"Stanford R. Ovshinsky" Award was founded in 2001, with the aim to recognize the great achievements in the field of chalcogenides. This year the award was confered during the Fall 2004 Meeting of the Glass & Optical Materials Division of the American Ceramic Society, Incorporating the 14-th International Symposium on Non-Oxide and Novel Optical Glasses (ISNOG-14), held in Cocoa Beach, Florida USA, November 7-12, 2004. 

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   In the year 2004 the winners of the award were Prof. Dr. Hellmut Fritzsche from the Chicago University (James Franck Institute, Chicago), USA and Prof.Dr. Mihai Popescu from the National Institute of Materials Physics, Bucharest, Romania 


   "Dear Colleagues,

   The S. R. Ovshinsky Award for 2004 was conferred in Cocoa Beach,Florida, USA, during the Conference ISNOG-14 (November 7-12, 2004, in the frame of the Meeting of the American Ceramic Society
   Stan Ovshinsky offered personally the Awards to the Winners.
The following scientists sent nominations:

  • A. Andriesh
  • P. Boolchand
  • S. R. Elliott
  • D. Drabold
  • M. Frumar
  • N. Greaves
  • W. Hoyer
  • M. Iovu
  • H. Jain
  • A. Kovalskyy
  • D. Lezal
  • J. Lucas
  • G. Lucovsky
  • V. Lyubin
  • C. Main
  • V. Minaev
  • M. Mitkova
  • D. Nesheva
  • S. R. Ovshinsky
  • K. Petkov
  • M. Poulain
  • K. Richardson
  • K. Shimakawa
  • O. Shpotyuk
  • Ke. Tanaka
  • P. C. Taylor
  • L. Tichy
  • S. C. Tripathi
  • S. Yannopoulos
  • E. Vateva



   Stan Ovshinsky decided the winners of the Ovshinsky Award for Excellence in Non-Crystalline Chalcogenides for the year 2004 (ex-aequo):

Prof. Hellmut Fritzsche from the Chicago University, USA

"Work on Chalcogenides"
by H. Fritzsche and his students

My first publication (1952) dealt with the interpretation of the double reversal of the sign of the Hall effect in crystalline Te. With Epstein and Lark-Horovitz, I measured the changes of the resistivity and the Hall effect of Te at the melting point and in the liquid state in 1957. We discovered that molten Te is still a semiconductor because its chain structure remains intact up to 80 deg. C above the melting point. Meeting Stan Ovshinsky in 1963 started more intense and continuing electrical, optical and calorimetric studies of chalcogenide alloy films. We developed with M. H. Cohen the first band model (CFO model) for understanding the mobility gap and mobility edges and the basic optoelectronic properties known at that time. The switching and memory phenomena discovered by Stan were of course foremost on the research agenda, we studied the radiation hardness of the devices and tried to understand the physics of switching. I derived a general expression for the thermopower valid in semiconducting glasses as well as in crystals. With my student H.-Y. Wei, I studied photovoltaic effects and space charges at metal-chalcogenide contacts. My student Marc Kastner pointed out the special role played by the non-bonding lone-pair p-electrons of Group V elements in chalcogenides. The lone-pair band becomes the valence band. This manifests itself in the negative sign of the pressure coefficient of the optical gap of lone-pair semiconductors,i.e., chalcogenide glasses. By reducing the gap of amorphous As2Te3 with pressure we (with N. Sakai)made the material metallic and observed superconductivity near 3 K in the amorphous state. M. Kastner and D. Adler and myself developed the valence alternation model to explain the negative correlation energy of the native defects in chalcogenides and the effect of doping in chalcogenide and pnictide glasses. The negative correlation energy explained the surprising absence of paramagnetic centers in these materials discovered by my student S. Agarwal. My student P. J. Gaczi studied the anisotropy of the g-factor of photo-induced paramagnetic centers in sulphide glasses and showed that the centers are indeed valence alternation centers. With my students R. E. Johanson and A. Vomvas I showed that the photoconductivity per absorbed photons of amorphous and vitreous semiconductors has an universal behaviour at low temperatures because it is due to energy-loss hopping following the theory of B. I. Shklovskii, H. Fritzsche and S. D. Baranovskii. Beginning 1992 I began explaining the origin of the reversible and irreversible photostructural changes in chalcogenide glasses as well as the photo-induced optical anisotropies. My theory predicts that even unpolarized light induces optical anisotropies. Subsequent experiments verified this prediction. The theory also explained light-induced diffusion, photopolymerization and giant densification, as well as photo-induced fluidity. One can also understand why some additives inhibit photostructural changes. These studies are summarized in Chapter 10 in "Insulating and Semiconducting Glasses" edited by P. Boolchand (World Scientific Publ. 2000). In my Ovshinsky Award Lecture I tried to answer the question why chalcogenides are ideal materials for Ovshinsky's Ovonic threshold and memory devices and presented an improved theory of switching.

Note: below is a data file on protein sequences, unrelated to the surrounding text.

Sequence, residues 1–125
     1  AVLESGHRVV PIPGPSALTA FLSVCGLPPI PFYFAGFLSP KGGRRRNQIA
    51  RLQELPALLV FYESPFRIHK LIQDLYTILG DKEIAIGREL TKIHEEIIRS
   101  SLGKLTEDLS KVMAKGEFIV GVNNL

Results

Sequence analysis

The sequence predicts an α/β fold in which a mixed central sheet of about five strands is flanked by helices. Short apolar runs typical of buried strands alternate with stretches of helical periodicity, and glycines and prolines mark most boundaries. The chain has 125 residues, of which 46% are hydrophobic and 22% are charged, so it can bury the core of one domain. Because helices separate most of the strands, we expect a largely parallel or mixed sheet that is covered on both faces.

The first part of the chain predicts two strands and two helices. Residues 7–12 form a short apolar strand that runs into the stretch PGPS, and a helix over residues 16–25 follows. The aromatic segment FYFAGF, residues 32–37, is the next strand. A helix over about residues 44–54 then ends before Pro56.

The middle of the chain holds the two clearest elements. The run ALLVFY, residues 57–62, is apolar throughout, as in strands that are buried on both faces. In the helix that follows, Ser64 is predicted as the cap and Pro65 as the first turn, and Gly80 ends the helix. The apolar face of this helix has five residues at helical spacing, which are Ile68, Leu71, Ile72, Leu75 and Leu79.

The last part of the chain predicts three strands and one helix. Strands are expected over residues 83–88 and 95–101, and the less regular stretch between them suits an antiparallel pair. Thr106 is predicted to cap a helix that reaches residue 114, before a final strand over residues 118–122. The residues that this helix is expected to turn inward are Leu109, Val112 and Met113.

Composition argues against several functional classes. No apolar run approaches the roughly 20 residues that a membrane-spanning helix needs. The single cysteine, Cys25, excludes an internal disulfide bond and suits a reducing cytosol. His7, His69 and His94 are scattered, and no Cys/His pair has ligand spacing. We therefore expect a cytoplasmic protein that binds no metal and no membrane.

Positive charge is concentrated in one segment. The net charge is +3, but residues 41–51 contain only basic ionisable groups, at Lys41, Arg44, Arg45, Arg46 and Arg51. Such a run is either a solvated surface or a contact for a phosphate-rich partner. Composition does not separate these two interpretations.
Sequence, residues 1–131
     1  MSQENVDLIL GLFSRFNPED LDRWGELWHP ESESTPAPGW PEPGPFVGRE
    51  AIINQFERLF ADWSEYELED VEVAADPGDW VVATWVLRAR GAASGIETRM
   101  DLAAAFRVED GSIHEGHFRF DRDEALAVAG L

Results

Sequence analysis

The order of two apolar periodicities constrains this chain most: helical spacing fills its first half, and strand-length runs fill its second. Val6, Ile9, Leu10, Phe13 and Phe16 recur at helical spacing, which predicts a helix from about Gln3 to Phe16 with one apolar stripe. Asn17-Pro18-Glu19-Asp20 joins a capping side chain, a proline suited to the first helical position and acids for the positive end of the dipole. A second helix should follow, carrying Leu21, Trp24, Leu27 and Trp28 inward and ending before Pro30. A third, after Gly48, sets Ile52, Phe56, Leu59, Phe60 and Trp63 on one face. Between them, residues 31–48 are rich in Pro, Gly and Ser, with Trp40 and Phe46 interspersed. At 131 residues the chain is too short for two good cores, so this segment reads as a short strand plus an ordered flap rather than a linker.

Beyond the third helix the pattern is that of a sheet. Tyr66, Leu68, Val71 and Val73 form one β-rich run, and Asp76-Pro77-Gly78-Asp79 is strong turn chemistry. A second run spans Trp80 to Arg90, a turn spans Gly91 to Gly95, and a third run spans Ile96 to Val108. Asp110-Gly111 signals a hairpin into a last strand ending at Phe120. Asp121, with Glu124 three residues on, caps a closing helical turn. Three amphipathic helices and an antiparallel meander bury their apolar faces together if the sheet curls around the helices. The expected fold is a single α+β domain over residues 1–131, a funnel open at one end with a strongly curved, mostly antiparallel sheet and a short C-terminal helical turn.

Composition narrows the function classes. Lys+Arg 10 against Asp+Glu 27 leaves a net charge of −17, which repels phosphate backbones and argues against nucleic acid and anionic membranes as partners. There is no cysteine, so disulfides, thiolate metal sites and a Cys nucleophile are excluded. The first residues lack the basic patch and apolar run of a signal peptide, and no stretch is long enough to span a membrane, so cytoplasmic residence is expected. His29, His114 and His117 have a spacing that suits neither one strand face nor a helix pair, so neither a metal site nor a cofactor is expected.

Prof. Hellmut Fritzsche


Prof. Hellmut Fritzsche


Prof. Mihai Popescu, from the National Institute of Materials Physics, Bucharest, Romania 




Prof. Radu Grigorovici received the Stanford R. Ovshinsky Prize for Lifetime Achievements in Amorphous Materials